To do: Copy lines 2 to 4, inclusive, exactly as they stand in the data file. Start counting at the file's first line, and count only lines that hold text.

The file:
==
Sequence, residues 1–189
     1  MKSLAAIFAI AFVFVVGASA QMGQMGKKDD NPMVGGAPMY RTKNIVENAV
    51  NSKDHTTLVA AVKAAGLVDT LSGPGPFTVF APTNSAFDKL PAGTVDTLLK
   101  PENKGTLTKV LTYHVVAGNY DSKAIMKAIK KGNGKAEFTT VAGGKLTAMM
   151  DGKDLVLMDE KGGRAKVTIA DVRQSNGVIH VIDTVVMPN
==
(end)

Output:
     1  MKSLAAIFAI AFVFVVGASA QMGQMGKKDD NPMVGGAPMY RTKNIVENAV
    51  NSKDHTTLVA AVKAAGLVDT LSGPGPFTVF APTNSAFDKL PAGTVDTLLK
   101  PENKGTLTKV LTYHVVAGNY DSKAIMKAIK KGNGKAEFTT VAGGKLTAMM